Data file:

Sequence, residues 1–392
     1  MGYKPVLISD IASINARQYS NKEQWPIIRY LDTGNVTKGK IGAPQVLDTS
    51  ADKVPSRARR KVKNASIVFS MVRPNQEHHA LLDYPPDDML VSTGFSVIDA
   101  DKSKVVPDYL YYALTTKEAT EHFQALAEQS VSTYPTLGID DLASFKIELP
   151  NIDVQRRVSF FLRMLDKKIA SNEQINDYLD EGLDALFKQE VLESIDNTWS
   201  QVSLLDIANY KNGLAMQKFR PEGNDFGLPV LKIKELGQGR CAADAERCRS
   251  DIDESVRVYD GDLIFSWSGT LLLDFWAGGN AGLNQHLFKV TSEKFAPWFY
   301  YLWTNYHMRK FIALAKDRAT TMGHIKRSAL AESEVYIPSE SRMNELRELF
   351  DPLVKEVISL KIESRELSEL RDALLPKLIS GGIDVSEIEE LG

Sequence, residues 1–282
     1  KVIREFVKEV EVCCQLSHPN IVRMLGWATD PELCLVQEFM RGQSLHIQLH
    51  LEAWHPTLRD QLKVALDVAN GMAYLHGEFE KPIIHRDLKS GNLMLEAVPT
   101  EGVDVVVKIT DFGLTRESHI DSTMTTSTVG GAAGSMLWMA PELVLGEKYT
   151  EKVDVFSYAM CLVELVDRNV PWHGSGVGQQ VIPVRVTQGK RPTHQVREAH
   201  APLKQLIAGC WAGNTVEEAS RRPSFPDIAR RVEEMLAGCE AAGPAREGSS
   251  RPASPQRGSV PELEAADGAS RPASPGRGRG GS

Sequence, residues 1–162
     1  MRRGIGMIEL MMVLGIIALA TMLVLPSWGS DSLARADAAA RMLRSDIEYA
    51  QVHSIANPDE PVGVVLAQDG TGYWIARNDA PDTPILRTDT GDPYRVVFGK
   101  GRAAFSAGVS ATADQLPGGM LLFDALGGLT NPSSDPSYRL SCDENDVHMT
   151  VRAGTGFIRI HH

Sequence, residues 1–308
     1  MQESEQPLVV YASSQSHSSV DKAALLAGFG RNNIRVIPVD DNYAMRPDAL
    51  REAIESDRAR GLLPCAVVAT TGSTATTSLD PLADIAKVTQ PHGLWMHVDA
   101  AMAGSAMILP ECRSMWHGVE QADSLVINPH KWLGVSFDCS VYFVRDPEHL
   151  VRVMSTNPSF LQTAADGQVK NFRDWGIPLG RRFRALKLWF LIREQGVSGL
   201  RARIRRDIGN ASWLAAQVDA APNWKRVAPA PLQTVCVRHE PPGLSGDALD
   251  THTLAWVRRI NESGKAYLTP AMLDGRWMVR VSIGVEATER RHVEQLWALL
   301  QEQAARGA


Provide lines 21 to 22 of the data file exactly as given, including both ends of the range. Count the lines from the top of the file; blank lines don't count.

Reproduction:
   151  VRAGTGFIRI HH

Sequence, residues 1–308